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Blunder in the 1950s affected access through Valley View today, document suggests

Part 8 in a series

Miscommunication between municipal officials and the provincial government about access through the Valley View Centre property in the 1950s may have contributed to the accessibility issues through that area today.

The provincial government constructed Valley View Centre (VVC) — known then as the Saskatchewan Training School — between 1952 and 1955 on land within the Rural Municipality of Moose Jaw.

It was also during the final year of construction that the City of Moose Jaw constructed the Seventh Avenue Southwest Bridge. Since there was no all-season road to the VVC property, that road became the primary access point to the complex.

Premier Tommy Douglas helped open the $8 million centre on May 18, 1955, saying this was an important milestone for the care and training of people with intellectual disabilities, according to the website

The school’s launch was, according to Douglas, “The most outstanding event involving this community.” He believed the province would have a continued need for the institution, while it would last into the future. This is why he was grateful to Moose Jaw and the entire province for their support.

“These are monuments that will tell our children and our children’s children that the people who lived in Saskatchewan in 1955 had a concern for those less fortunate than themselves,” he added.

Moose Jaw mayor Scoop Lewry was also excited about the opening, saying residents were grateful to have the school in their backyard. The mayor also thought the complex would bring additional financial stability to the community.

“(The institution would) bring to this community a very substantial increase in population and add a great deal to the total volume of spending power that is available to purchase services and goods in the business places of the city,” he added.

In 1963, the City of Moose Jaw annexed a portion of the VVC farmlands into the municipality. The city then annexed the remaining VVC property — including its building improvements — in 1970.  

The provincial government operated Valley View Centre from 1955 until 2019, when it closed the complex and blocked the entrance. That caused problems for residents Tim Avery and Jim Thorn, who can reach their properties — which are adjacent to VVC — only by an access road through the VVC site.

They won’t be able to do that much longer, though, since the province plans to erect a permanent fence this July 31 since it has sold the property to Carpere Canada.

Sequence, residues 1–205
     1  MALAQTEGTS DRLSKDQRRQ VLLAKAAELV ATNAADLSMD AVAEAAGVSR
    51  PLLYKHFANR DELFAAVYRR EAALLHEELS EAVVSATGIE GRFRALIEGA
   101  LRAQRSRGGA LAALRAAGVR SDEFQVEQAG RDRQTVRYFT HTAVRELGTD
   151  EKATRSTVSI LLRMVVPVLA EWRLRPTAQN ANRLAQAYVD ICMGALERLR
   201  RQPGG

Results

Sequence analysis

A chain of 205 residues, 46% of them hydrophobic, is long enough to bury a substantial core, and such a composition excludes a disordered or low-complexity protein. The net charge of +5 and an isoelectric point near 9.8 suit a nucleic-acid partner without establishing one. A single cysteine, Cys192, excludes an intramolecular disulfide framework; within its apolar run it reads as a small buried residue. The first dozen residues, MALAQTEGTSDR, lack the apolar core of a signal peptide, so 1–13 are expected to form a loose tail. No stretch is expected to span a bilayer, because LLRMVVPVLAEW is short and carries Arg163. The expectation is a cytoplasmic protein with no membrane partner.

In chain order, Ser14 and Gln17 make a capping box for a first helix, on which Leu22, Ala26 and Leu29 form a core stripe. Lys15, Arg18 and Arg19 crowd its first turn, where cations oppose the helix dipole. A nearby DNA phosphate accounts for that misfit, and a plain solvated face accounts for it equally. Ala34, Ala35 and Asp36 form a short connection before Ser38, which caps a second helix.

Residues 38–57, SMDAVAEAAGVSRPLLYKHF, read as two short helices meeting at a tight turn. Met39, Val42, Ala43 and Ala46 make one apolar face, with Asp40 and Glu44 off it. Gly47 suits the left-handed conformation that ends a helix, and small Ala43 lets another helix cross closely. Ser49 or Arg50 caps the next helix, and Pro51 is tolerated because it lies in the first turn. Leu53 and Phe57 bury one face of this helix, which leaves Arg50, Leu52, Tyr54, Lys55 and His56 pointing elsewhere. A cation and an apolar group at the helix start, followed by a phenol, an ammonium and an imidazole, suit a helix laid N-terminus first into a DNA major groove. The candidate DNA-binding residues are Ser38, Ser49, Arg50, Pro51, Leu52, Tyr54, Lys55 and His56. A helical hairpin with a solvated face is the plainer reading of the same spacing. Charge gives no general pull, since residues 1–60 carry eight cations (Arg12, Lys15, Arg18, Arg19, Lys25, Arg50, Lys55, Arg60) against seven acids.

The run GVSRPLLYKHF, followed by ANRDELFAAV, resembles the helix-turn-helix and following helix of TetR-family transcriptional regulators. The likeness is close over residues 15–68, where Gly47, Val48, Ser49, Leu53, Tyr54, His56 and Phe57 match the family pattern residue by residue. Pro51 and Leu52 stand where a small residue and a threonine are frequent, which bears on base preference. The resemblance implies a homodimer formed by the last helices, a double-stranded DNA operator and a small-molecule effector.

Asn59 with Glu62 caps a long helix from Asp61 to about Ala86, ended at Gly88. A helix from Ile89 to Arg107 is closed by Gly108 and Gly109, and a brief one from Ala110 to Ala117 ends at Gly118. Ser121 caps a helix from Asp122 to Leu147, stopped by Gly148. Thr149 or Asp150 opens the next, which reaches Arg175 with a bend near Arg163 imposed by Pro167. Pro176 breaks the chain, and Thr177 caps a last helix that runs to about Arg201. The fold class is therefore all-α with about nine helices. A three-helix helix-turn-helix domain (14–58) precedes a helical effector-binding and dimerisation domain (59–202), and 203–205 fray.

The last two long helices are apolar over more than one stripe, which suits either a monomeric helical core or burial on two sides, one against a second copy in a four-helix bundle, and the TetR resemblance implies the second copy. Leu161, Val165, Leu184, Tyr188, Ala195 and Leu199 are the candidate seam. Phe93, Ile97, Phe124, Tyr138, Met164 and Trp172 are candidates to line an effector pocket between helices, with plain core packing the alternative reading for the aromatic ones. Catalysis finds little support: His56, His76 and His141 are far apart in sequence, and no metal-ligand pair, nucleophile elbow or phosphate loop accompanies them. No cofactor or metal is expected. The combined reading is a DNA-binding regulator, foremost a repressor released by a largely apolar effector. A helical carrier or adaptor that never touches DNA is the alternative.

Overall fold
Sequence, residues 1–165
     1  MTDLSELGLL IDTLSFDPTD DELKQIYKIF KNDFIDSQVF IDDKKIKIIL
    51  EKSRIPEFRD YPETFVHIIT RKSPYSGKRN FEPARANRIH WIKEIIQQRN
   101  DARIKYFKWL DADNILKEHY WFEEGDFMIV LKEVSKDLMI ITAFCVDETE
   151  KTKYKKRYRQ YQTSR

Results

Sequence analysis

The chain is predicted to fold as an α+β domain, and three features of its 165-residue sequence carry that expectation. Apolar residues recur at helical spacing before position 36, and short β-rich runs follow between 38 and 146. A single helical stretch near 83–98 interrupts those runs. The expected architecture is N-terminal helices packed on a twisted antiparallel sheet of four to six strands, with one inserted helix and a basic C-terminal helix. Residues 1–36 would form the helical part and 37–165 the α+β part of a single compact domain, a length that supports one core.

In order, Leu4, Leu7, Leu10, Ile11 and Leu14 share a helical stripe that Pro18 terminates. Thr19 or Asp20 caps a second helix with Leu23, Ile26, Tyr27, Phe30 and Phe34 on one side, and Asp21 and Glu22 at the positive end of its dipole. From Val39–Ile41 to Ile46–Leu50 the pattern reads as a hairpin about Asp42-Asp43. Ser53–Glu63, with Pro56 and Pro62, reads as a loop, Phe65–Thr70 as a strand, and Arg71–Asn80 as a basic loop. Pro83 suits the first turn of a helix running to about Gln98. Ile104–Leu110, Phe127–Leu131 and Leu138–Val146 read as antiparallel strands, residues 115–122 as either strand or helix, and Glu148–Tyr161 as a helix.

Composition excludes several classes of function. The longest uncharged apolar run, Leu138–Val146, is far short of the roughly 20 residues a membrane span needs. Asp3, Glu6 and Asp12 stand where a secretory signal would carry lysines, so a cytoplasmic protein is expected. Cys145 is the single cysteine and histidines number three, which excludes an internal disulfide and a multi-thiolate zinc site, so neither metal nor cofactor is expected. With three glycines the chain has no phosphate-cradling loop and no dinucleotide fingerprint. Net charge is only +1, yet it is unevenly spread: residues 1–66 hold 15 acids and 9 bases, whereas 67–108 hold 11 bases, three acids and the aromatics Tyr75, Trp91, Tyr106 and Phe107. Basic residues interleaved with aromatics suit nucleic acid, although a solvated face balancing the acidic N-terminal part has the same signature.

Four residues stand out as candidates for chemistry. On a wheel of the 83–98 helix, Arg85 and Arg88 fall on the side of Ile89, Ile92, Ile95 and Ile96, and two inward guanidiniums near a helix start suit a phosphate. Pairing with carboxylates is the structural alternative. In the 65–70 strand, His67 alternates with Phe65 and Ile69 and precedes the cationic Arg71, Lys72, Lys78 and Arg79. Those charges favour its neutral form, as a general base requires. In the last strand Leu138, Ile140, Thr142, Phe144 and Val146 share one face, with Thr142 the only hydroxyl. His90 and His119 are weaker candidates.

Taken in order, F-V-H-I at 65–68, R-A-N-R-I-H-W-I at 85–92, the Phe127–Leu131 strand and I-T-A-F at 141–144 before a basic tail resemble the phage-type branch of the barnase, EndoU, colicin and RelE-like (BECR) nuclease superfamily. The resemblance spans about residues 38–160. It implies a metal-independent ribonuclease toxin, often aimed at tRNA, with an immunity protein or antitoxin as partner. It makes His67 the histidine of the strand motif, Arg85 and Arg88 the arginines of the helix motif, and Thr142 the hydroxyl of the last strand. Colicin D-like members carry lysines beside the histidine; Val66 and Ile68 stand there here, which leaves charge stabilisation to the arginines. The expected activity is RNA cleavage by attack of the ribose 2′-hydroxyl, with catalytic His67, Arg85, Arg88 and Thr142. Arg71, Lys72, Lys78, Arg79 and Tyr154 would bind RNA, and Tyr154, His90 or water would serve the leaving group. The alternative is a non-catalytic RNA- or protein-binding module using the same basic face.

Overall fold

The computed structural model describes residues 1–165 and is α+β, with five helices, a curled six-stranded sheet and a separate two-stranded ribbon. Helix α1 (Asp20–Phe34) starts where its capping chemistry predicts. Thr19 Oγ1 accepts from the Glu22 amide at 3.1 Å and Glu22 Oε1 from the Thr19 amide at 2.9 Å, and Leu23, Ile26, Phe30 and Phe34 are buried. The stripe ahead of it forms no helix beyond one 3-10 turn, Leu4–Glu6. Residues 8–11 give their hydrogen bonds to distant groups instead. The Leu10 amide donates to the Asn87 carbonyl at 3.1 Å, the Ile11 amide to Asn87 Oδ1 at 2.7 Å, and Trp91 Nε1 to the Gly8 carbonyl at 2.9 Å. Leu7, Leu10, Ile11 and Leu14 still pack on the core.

The families’ lawyer, David Chow, provided the Moose Jaw Express with some historical information about the property and what might have been had elected officials kept better records.

According to Chow’s document, before the province constructed VVC, the pre-existing survey plan for the area’s intended residential development provided for an east-west street, with the proposed name of Argyle Road. That road — which was to connect Highway 2 south with Ninth Avenue Southwest at the Highway 363 intersection — was never constructed.

When the province built Valley View, it constructed the main administration building over top of the road allowance that had been proposed for Argyle Road, the document said. It is unknown if that road was ever in the final survey plan or if any legal road allowance was altered when the province constructed the school.

“Given the magnitude of the project and the support from (municipal) officials, it is inconceivable to imagine that the (RM of Moose Jaw) did not provide its permission to build across the non-existent Argyle Road,” Chow said.

A private roadway was constructed on the property more than 50 years ago to allow vehicles to travel back and forth there, the document added. The private roadway was never legally surveyed or registered as a road allowance. The province still owns the title to the area upon which the private road sits.

So, based on the available information, it’s unclear if the RM of Moose Jaw provided permission for the provincial government to build VVC’s administration building over the planned Argyll Road. Regardless, the proposed residential development and its placement along the Valley View property further complicate issues between city hall and the provincial government today.

This is part eight in a series. Click here for part 1, here for part 2, here for part 3 and here for part 4, here for part 5, here for part 6 and here for part 7.

This series will continue.